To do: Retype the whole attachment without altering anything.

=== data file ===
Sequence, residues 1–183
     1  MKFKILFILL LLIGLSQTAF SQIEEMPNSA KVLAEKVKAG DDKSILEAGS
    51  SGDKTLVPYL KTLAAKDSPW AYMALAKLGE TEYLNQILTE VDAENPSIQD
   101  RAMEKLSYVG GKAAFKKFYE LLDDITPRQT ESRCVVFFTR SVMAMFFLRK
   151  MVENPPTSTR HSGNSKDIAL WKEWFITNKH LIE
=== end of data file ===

Sequence, residues 1–183
     1  MKFKILFILL LLIGLSQTAF SQIEEMPNSA KVLAEKVKAG DDKSILEAGS
    51  SGDKTLVPYL KTLAAKDSPW AYMALAKLGE TEYLNQILTE VDAENPSIQD
   101  RAMEKLSYVG GKAAFKKFYE LLDDITPRQT ESRCVVFFTR SVMAMFFLRK
   151  MVENPPTSTR HSGNSKDIAL WKEWFITNKH LIE